- This blog was kindly authored for HEPI by Neil Raven, Independent educational consultant.
The comparatively low rates of higher education (HE) progression amongst young men from white, working class backgrounds has received a significant amount of attention in recent years, including from HEPI. This has been accompanied by calls for a ‘response’ from the HE sector. Although how best to react remains uncertain. Indeed, a survey of those working in widening access found that the aim of increasing levels of ‘HE participation’ amongst ‘white students from lower socio-economic groups’ represents ‘their biggest challenge.’ Given such uncertainty, and questions over the effectiveness of past interventions, a strong case can be made for more research into the ‘barriers to progression experienced’ by these young men.
Methods and approach
In seeking to contribute to the evidence base, I was commissioned to conduct a study into the educational ambitions and motivations of young, white British males from five areas of educational and economic disadvantage across the North West of England. This blog reflects on some of the key findings to emerge from the research. Prominent amongst these findings were the views held by participants on higher education as a possible post-18 destination. These views were gathered using focus groups, with 70 young men aged between 14 and 17 taking part in these discussions. All were from schools and colleges whose catchments comprised neighbourhoods where few young people, and fewer than expected given level 2 (GCSE and equivalent) attainment, go onto university. The explanatory framework used in this study applied the concept of costs of participation to understand their HE reservations.
Although they came from a range of different communities across the NW and ranged in age, ‘many of the same doubts and concerns’ were expressed by participants. These included the direct costs of HE. Indeed, the ‘expense’ was described as ‘one of the biggest deterrents to going to university,’ with reference made to the potential for the financial consequences to be ‘overwhelming.’ Their concerns related not just to fees but also to the ability to ‘pay for food, clothes, bills [and] everything’ else.
The opportunity costs of university also loomed large in these discussions. HE participation would mean foregoing the chance to gain work experience, secure employment or an apprenticeship, and acquire essential ‘life skills.’ In addition, there was the risk (non-pecuniary cost) that a higher education would not necessarily lead to a desired job. The HE option also came with lifestyle and emotional costs. For a number of participants, university was viewed as being ‘likeschool’ and, consequently, unlikely to be an agreeable experience. Linked to this were concerns regarding ‘the way subjects would be delivered and how one would be expected to learn,’ with reference made to the prospect of attending ‘lectures’ and having to manage ‘loads of work.’ It was also considered to require a great deal of ‘reading [and] writing,’ when there was a desire to ‘get out and get doing’ (Raven, 2022, 656).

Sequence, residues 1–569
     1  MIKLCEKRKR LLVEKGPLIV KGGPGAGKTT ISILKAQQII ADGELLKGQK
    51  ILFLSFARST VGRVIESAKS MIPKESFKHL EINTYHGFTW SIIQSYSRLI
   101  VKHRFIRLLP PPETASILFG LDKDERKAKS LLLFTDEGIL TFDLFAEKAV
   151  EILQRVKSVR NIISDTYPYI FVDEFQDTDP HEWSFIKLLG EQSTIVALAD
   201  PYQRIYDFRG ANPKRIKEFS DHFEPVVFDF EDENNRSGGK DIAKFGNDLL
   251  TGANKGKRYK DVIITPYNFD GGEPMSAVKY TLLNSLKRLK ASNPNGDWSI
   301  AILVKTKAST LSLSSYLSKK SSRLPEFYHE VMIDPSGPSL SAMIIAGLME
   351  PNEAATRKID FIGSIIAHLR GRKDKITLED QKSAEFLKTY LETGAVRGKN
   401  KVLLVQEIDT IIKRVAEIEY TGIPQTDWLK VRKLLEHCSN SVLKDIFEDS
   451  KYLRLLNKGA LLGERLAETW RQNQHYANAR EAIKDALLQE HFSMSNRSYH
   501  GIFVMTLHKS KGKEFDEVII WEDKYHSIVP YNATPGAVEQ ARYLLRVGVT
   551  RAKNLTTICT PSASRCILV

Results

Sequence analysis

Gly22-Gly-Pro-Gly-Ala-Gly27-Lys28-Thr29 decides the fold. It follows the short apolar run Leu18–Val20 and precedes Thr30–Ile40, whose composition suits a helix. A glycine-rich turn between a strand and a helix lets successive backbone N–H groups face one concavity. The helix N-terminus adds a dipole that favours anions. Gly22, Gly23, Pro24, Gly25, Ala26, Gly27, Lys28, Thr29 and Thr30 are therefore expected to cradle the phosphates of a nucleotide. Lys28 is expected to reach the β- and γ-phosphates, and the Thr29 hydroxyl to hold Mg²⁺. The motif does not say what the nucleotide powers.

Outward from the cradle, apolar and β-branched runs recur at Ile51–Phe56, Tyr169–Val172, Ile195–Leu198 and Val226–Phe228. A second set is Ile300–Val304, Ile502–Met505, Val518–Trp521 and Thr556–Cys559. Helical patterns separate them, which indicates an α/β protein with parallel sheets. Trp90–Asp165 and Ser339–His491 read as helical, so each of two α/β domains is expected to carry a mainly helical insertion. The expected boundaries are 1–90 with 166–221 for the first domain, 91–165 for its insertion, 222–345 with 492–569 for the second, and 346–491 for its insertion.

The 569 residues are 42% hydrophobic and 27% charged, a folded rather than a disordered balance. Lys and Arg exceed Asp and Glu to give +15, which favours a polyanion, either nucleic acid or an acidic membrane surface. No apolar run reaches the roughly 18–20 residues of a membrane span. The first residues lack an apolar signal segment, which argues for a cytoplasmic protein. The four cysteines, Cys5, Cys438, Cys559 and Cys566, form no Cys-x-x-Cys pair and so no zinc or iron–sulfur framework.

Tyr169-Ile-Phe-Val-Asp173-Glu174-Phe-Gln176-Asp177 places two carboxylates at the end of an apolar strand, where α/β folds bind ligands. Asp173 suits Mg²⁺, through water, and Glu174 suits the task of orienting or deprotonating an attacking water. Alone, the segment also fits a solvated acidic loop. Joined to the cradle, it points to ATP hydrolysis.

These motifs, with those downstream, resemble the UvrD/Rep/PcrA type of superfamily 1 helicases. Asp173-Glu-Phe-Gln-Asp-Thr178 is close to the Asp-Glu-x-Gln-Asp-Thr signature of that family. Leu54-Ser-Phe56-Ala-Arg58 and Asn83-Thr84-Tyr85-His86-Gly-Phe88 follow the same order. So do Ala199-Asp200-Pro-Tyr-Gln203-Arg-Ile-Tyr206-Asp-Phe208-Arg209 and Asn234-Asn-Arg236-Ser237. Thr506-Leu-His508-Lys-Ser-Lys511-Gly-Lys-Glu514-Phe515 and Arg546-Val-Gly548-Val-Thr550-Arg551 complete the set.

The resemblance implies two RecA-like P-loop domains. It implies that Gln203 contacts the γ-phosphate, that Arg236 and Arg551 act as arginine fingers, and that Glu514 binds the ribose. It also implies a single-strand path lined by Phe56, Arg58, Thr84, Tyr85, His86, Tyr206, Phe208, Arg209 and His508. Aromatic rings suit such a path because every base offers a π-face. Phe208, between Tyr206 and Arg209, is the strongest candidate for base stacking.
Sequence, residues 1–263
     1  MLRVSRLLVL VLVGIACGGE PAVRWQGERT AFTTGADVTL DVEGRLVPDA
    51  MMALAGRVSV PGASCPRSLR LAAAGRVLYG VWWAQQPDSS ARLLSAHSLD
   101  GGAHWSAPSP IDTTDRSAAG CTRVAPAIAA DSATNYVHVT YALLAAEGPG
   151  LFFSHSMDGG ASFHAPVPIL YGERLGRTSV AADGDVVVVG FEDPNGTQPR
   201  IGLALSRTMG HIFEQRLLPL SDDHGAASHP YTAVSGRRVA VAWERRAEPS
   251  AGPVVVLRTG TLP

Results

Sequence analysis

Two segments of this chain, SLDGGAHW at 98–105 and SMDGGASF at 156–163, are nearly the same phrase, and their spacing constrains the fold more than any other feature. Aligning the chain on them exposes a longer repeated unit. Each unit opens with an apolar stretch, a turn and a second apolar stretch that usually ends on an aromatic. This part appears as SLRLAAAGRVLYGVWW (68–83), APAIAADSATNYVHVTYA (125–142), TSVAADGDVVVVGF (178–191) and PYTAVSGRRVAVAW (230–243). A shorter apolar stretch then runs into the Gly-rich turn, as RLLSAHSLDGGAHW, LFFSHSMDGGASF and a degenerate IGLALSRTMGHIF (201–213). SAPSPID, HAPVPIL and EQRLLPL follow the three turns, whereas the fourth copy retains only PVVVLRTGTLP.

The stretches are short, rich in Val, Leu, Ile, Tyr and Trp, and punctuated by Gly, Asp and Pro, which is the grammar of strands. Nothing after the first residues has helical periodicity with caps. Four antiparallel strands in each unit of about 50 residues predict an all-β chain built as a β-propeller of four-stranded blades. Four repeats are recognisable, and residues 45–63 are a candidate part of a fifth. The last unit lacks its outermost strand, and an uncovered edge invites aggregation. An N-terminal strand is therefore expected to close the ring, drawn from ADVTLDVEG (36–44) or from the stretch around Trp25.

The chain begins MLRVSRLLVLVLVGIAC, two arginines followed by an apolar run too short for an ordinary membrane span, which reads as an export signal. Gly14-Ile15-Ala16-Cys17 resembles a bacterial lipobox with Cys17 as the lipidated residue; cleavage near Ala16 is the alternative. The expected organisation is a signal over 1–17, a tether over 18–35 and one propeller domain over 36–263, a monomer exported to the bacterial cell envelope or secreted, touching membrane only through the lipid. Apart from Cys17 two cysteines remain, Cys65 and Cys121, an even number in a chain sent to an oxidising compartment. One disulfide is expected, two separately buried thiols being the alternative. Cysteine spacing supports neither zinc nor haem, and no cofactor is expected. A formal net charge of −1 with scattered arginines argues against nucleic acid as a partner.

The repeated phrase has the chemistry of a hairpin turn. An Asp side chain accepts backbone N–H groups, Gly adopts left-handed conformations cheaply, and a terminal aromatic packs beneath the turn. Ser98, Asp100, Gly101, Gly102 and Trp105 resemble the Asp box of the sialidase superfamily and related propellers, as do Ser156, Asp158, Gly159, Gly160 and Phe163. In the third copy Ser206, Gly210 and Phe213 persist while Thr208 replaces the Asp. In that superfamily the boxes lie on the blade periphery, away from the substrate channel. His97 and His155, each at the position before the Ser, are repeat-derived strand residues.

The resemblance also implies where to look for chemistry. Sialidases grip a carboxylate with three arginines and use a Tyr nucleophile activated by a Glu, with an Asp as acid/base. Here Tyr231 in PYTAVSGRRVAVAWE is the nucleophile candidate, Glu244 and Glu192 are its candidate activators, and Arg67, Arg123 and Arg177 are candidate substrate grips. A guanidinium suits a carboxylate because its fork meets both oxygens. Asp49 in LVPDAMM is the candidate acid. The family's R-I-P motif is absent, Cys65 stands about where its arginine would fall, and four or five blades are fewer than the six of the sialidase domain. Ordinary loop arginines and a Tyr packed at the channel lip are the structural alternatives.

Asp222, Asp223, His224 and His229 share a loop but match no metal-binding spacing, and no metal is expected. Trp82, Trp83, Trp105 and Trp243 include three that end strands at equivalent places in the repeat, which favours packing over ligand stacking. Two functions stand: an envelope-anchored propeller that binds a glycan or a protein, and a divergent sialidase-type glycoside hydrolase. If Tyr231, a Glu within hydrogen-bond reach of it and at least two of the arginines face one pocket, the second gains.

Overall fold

Perhaps more fundamentally, concerns were expressed about not fitting in (identify costs). One participant considered that they would not enjoy university because ‘I just don’t think it’s me.’ Whilst they acknowledge that it would be beneficial ‘to experience it first-hand, to know what it’s like,’ they did not ‘want to take that risk.’ Similarly, concerns were raised amongst focus groups members about their ‘ability to succeed’ in HE (failure conscious costs). Here, reference was made to the anxiety of ‘going and not passing’ and, consequently, of ‘not getting anything out of it.’ (Raven, 2022, 656-657).
Whilst the article this blog draws from and has reflected upon was recently published, the findings it is based on were gathered just before Covid struck. Yet, evidence indicates that the pandemic has had the most damaging impact on those from disadvantaged backgrounds. Indeed, my own work suggests that it has reinforced long-held anxieties over the costs of a higher education, in part because of the challenging labour market conditions generated by the pandemic, including with young people witnessing its impact on parental employment. Whilst the teaching professionals I interviewed for this study were commenting on the situation faced by those from disadvantaged backgrounds in general, their classes would have included a good number young white working class males.
It also seems reasonable to argue that the current cost of living crisis will have a disproportionate impact on the post-18 intentions of this same group. For these young men, recent events are likely to have made HE seem an even costlier option than it was for the participants in my original study. However, these remain speculative claims. The Office for Students, as HE regulator, has emphasised the importance of evaluation. Yet, there is also a need to recognise, and support, WP research, including investigations that can provide us with a more detailed insight into the experiences and perspectives of white working class males. In addition, whilst some of these young men do go onto HE, we know little about what happens to them once they leave university. The regulator and sector should be encouraged to provide more nuanced and place-specific data on graduate outcomes (financial, and otherwise). We would then have evidence on whether the benefits of HE outweigh the costs for this group, and indeed others who have reservations over the value of HE.
Acknowledgments Thank you to Ant Sutcliffe, Dr Hannah Merry and Chris Bayes, who were the originators and drivers behind the idea to conduct the original investigation.